Editor's note: This story has been updated with statements from Texas A&M University President Michael Young and state Sen. Royce West.
Members of Texas A&M University's leadership visited Dallas on Tuesday to personally apologize to the high school students who were harassed and subjected to racial slurs during their visit to campus last week.
Texas A&M President Michael Young and A&M System Chancellor John Sharp joined state Sen. Royce West, D-Dallas, in a morning meeting with the junior class at Uplift Hampton Preparatory. The university's leadership team apologized for the incident, praised the students for the manner in which they handled the situation and offered a chance for students to ask questions, according to an Uplift representative.
"We wanted to meet directly with the students, and I wanted to tell them how deeply sorry I was, and how sorry many people were, about what happened," Young said in a statement. "I wanted them to know that doesn’t represent the values that we really hold dear at A&M. Also, we wanted to tell them we were tremendously impressed with them and how proud of them we are in terms of how they reacted — and that they are precisely the kinds of students we’d love to see enrolling."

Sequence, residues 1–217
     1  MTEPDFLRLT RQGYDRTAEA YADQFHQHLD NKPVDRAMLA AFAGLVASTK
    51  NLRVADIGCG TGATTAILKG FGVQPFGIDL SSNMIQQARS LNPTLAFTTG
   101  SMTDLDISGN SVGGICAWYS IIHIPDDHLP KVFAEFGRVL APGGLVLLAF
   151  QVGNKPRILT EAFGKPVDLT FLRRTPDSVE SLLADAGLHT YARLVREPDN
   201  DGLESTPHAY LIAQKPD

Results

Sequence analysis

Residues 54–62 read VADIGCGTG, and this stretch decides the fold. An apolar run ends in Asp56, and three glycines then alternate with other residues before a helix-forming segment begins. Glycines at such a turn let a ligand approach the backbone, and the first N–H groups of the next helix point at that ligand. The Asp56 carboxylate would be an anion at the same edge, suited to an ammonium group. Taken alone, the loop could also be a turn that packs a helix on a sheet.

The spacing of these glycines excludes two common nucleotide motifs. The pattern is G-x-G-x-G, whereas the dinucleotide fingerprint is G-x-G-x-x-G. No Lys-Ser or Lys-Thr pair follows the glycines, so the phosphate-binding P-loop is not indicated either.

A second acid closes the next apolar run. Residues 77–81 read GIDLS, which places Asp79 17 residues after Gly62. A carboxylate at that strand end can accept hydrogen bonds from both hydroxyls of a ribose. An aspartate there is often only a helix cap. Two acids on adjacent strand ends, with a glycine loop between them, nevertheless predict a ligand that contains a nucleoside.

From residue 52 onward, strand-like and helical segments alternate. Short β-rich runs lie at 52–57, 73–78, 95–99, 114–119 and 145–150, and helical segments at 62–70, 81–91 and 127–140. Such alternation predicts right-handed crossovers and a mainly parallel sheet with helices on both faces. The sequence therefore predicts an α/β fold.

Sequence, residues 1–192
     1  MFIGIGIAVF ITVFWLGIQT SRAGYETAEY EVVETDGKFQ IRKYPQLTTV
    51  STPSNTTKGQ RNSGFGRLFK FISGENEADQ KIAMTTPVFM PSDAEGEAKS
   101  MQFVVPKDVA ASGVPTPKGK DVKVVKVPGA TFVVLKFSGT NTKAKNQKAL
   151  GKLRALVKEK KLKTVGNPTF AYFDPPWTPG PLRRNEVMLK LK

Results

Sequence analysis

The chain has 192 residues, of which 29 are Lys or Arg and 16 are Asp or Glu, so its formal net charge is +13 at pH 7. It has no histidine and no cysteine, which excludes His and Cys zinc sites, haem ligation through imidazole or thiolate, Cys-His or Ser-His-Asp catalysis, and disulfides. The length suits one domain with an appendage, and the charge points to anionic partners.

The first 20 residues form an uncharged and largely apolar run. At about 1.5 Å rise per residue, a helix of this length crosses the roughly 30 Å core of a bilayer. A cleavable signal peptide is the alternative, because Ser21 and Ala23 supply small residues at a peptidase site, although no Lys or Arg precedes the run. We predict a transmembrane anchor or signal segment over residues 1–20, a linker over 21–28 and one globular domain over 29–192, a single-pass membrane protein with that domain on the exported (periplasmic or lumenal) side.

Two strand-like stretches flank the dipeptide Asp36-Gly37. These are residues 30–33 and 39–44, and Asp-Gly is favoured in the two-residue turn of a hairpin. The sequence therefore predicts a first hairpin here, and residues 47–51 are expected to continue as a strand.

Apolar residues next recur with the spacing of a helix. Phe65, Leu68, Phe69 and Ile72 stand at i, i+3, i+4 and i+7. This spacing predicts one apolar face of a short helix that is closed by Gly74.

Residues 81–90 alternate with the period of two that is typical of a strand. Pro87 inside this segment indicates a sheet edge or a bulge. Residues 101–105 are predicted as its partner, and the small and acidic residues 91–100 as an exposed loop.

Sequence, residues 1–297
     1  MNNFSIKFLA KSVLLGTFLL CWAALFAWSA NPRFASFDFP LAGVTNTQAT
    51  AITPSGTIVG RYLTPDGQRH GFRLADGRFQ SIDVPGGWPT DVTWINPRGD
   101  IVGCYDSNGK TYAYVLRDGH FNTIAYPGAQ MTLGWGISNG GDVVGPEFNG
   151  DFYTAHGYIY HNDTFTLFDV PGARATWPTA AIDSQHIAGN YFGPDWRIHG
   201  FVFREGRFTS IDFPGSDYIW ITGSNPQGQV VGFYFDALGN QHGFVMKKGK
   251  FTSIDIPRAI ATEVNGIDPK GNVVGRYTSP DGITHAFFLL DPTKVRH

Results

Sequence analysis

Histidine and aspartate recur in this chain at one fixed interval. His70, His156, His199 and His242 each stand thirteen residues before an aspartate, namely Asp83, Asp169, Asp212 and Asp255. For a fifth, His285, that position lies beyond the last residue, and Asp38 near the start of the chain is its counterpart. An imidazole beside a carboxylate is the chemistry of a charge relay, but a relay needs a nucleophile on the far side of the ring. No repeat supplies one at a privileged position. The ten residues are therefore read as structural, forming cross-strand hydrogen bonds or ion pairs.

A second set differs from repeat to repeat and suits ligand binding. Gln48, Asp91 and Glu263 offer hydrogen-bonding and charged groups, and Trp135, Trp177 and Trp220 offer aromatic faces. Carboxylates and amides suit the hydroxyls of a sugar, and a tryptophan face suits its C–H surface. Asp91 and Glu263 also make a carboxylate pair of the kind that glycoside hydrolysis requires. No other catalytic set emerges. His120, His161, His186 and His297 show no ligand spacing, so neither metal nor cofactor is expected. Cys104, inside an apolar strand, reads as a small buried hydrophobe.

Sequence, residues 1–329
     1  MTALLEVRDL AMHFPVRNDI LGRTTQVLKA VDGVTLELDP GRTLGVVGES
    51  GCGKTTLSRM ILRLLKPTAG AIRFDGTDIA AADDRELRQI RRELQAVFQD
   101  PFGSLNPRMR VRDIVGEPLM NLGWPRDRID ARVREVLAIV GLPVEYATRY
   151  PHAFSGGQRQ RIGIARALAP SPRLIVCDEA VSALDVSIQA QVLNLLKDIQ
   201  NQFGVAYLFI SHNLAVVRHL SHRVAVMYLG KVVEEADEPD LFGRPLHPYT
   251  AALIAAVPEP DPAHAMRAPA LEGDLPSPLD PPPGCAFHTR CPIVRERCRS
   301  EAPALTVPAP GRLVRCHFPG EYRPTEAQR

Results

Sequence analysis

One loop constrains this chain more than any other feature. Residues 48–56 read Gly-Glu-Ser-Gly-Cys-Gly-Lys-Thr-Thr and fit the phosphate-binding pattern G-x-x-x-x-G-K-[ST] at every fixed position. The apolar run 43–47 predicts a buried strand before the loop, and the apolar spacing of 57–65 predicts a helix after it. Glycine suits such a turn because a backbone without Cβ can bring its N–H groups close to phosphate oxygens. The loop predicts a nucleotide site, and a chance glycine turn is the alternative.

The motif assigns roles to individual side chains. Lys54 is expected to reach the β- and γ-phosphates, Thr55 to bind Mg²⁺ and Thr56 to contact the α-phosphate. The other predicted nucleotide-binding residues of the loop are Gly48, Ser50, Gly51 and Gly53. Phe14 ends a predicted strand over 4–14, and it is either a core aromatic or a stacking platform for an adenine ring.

In addition, the university’s student body president, Joseph Benigno, delivered thousands of letters from A&M students expressing support.
“I encouraged our scholars to keep the letters as a symbol of time when they overcame an obstacle on their journey to a college degree,” said Yasmin Bhatia, the CEO of Uplift Education, in a statement. “We are appreciative of the Texas A&M leadership for taking the time to come talk to our scholars and know that they are fully investigating the incidents that took place last week.”
About 60 juniors from Uplift Hampton Preparatory were touring A&M's campus last Tuesday when two black students were approached by a white woman wearing Confederate flag earrings who asked the students what they thought about the earrings. A group of "white male and female students" then began taunting the students "using the most well-known racial slur that's directed toward African Americans," according to West, whose district includes the Uplift Hampton Preparatory campus. Texas A&M is conducting an investigation into the incident.
West applauded the university’s leadership for coming to Dallas to apologize, but said he is still waiting to judge their response based on the outcome of the university’s investigation.
“I thought it was a very good step on the part of A&M’s leadership and I am happy that they did all that, but the sincerity comes as a result of what ultimately transpires,” West said. “You can’t come to the students, apologize, and say you’re an open university if you don’t take action when you have a gang of students who act directly opposite to that.”
West added that he appreciates the response of the student body president, "who has been really strong through all this," and the many students who wrote letters for "sending the right message."
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